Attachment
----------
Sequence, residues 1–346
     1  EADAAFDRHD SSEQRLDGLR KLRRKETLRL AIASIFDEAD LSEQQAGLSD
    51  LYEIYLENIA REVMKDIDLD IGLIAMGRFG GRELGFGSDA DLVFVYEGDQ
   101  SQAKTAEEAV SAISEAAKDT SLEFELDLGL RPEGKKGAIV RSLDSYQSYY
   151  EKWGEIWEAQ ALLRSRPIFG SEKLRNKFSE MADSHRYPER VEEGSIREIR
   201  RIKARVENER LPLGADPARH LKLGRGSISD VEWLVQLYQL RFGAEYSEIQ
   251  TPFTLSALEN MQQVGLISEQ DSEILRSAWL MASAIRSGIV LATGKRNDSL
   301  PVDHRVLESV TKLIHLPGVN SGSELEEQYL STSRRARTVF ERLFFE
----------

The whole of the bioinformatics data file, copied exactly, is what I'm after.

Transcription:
Sequence, residues 1–346
     1  EADAAFDRHD SSEQRLDGLR KLRRKETLRL AIASIFDEAD LSEQQAGLSD
    51  LYEIYLENIA REVMKDIDLD IGLIAMGRFG GRELGFGSDA DLVFVYEGDQ
   101  SQAKTAEEAV SAISEAAKDT SLEFELDLGL RPEGKKGAIV RSLDSYQSYY
   151  EKWGEIWEAQ ALLRSRPIFG SEKLRNKFSE MADSHRYPER VEEGSIREIR
   201  RIKARVENER LPLGADPARH LKLGRGSISD VEWLVQLYQL RFGAEYSEIQ
   251  TPFTLSALEN MQQVGLISEQ DSEILRSAWL MASAIRSGIV LATGKRNDSL
   301  PVDHRVLESV TKLIHLPGVN SGSELEEQYL STSRRARTVF ERLFFE